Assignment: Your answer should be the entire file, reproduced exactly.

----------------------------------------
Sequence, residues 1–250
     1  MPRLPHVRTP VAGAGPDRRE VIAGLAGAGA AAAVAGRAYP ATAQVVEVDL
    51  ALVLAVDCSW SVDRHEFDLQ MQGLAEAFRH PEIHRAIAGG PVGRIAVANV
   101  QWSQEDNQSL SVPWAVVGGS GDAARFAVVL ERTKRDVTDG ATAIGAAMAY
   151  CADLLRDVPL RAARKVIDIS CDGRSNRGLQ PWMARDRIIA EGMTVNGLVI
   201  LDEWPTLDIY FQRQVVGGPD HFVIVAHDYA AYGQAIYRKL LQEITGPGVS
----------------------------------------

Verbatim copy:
Sequence, residues 1–250
     1  MPRLPHVRTP VAGAGPDRRE VIAGLAGAGA AAAVAGRAYP ATAQVVEVDL
    51  ALVLAVDCSW SVDRHEFDLQ MQGLAEAFRH PEIHRAIAGG PVGRIAVANV
   101  QWSQEDNQSL SVPWAVVGGS GDAARFAVVL ERTKRDVTDG ATAIGAAMAY
   151  CADLLRDVPL RAARKVIDIS CDGRSNRGLQ PWMARDRIIA EGMTVNGLVI
   201  LDEWPTLDIY FQRQVVGGPD HFVIVAHDYA AYGQAIYRKL LQEITGPGVS